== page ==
Well, I am stunned immobile. Goddamn, man. Gobsmacked about covers it. Stunning the way you can twist language, images, tropes, expectations, metaphors, and then bring us all back to a murky truth. Magic.Delete
Eve, so happy the reflection in the keys worked for you. That was a risk, as it was pretty much the opening image, and it wasn't a lock (ha, 'scuse the pun)! The rest, you might even be more right, lol.Delete
Teresa, I share a birthday with Rumi, no lie! Rumi and Truman Capote, lol. Marc Bolan and Marion Cotillard. An interesting day to be born.
Dan, I wish I knew where these things were coming from and where they're going. I'm just glad some people get something from them, even if it's murky and lost-sounding.
“Why do you think it happened?”ReplyDelete
“What?” The archaeologist asked.
“The end of their civilization.”
The archaeologist didn’t say anything for a while, carefully brushing the dust off the artifact. “We can’t really be sure.”
“But surely you have a theory.”
“Their focus changed.”
“From what, to what?”
“Excavations at other sites have shown that there used to be temples of this sort in every sort of town. Sometimes many of them in a larger town.” The brushing was done carefully now.
“So you think they were punished for their loss of reverence?”
“That’s a matter I leave to the theologians.”
“Why do you think they had so many of these… things?”
“I don’t know. The variety is astonishing, isn’t it? The colors, the different patterns, different sizes.”
“Did you hear about the dig in New Amsterdam?”
“On the outside of the temple, they found large markings. Here, I’ve got a picture.”
The archaeologist took the clay tablet. “B O K S O R”
“Unusual, isn’t it? And the different spacing between the symbols.”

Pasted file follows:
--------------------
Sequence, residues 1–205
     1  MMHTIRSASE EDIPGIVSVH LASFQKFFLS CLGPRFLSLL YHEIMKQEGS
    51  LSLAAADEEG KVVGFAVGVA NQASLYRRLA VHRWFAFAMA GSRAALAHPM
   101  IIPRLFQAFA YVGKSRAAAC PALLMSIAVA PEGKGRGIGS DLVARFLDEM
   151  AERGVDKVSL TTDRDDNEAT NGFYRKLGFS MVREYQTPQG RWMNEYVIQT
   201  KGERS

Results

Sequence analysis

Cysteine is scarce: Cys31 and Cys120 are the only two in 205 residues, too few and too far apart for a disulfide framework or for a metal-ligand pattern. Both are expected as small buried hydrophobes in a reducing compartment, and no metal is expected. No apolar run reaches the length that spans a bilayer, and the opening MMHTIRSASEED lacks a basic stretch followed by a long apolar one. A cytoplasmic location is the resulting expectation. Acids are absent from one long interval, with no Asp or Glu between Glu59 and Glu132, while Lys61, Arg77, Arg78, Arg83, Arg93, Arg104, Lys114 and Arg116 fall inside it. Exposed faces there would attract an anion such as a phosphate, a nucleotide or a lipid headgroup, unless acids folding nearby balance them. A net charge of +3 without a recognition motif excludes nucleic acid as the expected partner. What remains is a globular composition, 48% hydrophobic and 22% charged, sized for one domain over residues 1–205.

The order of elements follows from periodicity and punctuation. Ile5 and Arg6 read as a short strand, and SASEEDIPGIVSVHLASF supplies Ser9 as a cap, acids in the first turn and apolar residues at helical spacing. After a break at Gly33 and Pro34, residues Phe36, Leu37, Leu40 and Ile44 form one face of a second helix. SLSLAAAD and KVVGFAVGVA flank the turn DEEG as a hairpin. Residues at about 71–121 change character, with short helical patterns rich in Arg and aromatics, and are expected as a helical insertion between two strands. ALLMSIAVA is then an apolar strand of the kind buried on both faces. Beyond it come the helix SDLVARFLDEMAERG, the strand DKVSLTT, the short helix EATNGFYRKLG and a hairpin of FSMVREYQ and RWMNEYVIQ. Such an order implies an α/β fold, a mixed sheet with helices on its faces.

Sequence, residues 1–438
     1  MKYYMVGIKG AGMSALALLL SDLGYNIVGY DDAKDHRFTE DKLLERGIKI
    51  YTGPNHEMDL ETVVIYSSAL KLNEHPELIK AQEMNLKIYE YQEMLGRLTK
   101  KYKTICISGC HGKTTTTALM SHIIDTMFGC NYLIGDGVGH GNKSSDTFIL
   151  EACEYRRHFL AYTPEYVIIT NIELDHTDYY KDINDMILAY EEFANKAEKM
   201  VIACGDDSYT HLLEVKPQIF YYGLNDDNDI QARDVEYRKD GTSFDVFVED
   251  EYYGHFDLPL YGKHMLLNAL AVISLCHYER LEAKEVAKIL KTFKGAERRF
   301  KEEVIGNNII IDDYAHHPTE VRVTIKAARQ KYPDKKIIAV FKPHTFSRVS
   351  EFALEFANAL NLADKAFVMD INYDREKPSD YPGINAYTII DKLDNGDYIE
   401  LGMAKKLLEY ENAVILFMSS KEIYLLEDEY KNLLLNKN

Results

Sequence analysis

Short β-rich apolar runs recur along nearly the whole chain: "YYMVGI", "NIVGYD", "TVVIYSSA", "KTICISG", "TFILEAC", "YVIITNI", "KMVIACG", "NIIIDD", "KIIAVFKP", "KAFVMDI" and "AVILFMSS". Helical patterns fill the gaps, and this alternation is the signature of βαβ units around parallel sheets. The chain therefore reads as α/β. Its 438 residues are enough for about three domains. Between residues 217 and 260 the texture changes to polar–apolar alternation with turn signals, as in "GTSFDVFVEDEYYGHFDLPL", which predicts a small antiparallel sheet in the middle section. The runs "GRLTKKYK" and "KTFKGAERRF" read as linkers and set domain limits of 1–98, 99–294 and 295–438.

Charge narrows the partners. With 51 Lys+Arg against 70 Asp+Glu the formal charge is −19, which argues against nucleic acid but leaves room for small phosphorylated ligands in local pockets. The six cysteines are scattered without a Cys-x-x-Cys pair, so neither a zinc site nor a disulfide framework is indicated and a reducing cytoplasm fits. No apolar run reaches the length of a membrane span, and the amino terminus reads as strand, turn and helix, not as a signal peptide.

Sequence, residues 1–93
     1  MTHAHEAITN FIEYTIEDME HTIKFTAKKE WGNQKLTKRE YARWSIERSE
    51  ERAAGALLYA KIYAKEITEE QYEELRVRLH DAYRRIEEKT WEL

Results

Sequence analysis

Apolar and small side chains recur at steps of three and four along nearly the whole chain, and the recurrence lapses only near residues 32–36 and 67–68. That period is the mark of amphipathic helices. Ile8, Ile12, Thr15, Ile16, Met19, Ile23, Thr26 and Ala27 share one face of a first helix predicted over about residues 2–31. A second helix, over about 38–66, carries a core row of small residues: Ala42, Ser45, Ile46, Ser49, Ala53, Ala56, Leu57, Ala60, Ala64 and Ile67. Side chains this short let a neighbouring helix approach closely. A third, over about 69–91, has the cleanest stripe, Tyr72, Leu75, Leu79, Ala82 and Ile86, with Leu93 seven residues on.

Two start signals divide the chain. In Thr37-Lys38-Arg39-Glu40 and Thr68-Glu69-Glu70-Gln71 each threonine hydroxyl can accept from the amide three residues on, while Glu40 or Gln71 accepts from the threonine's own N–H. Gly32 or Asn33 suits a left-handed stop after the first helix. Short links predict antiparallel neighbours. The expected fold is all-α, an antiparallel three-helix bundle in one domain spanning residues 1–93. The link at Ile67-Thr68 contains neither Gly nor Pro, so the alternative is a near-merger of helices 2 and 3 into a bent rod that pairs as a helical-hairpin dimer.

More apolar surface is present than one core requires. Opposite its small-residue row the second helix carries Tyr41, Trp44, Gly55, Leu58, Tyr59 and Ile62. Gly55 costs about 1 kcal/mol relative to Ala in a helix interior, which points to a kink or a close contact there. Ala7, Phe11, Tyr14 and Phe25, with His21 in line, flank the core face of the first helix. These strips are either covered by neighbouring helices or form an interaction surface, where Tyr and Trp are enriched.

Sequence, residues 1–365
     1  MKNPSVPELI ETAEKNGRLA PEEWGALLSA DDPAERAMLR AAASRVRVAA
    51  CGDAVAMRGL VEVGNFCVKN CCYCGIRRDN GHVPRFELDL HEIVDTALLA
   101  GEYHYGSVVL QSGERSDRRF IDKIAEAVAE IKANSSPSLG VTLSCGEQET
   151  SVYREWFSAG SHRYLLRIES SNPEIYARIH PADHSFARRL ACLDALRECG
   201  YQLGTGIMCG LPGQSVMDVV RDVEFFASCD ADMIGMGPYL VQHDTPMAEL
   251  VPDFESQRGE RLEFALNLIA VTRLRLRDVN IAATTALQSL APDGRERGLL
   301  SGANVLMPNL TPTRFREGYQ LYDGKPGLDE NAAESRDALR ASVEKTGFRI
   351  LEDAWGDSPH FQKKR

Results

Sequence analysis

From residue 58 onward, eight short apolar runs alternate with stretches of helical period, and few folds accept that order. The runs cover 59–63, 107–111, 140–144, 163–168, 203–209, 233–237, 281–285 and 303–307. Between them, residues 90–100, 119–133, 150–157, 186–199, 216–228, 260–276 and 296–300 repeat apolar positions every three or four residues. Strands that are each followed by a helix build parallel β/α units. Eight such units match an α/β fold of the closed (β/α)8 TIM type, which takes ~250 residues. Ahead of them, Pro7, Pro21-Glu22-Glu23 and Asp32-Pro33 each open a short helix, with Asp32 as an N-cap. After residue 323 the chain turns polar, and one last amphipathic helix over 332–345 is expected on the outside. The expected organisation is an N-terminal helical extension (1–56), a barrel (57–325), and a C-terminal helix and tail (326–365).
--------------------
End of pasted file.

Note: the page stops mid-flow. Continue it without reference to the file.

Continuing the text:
The ever present wind blew up a dervish, and the last of the dust was cleaned from the artifact, its covering blown back, revealing more of the strange symbols.
“In the beginning…”
The archaeologist lifted the artifact with his tentacles.
Ha! I *think* get this but I don't want to spoil it for anyone else puzzling it out. (It also might be extremely obvious and I'm a bit dim.)Delete
i have no doubt that you "got" it... I tried to walk a fine line between obscure and recognizable.Delete
Yikes! Tentacles? I'm not sure if I "got" it but liked it.Delete
I got it, and it's genius. I won't spoil it.Delete
I've always wanted to do a piece like this. Only mine was about these giant cloverleaf superhighways and the exits and the overpasses and these complex designs and having these creatures from the future scratching their heads, saying WTF did they USE them for? What did they worship, exactly?Delete
There is a delightful book called "Motel of the Mysteries" by David MacAuley (not sure of his last name)... delightful dystopian archaeology with pictures! You'll never guess what they think we used toilet seats for!Delete
To love or to like? It's a simple question. Just a click of the key and a shift to the right. Do you accept the beige or will you select the chocolate? Do you live here in fear and choose to be filtered? Or do you swallow life down, so much that it spills out? Do you take it with thanks or do you study each bite? We've a life we've been given, it's a gift to be savoured. It's a brief flash of light that throws back the shades. One moment, no questions; it's a ball we can fumble. So take it with both hands, it's too precious to drop.ReplyDelete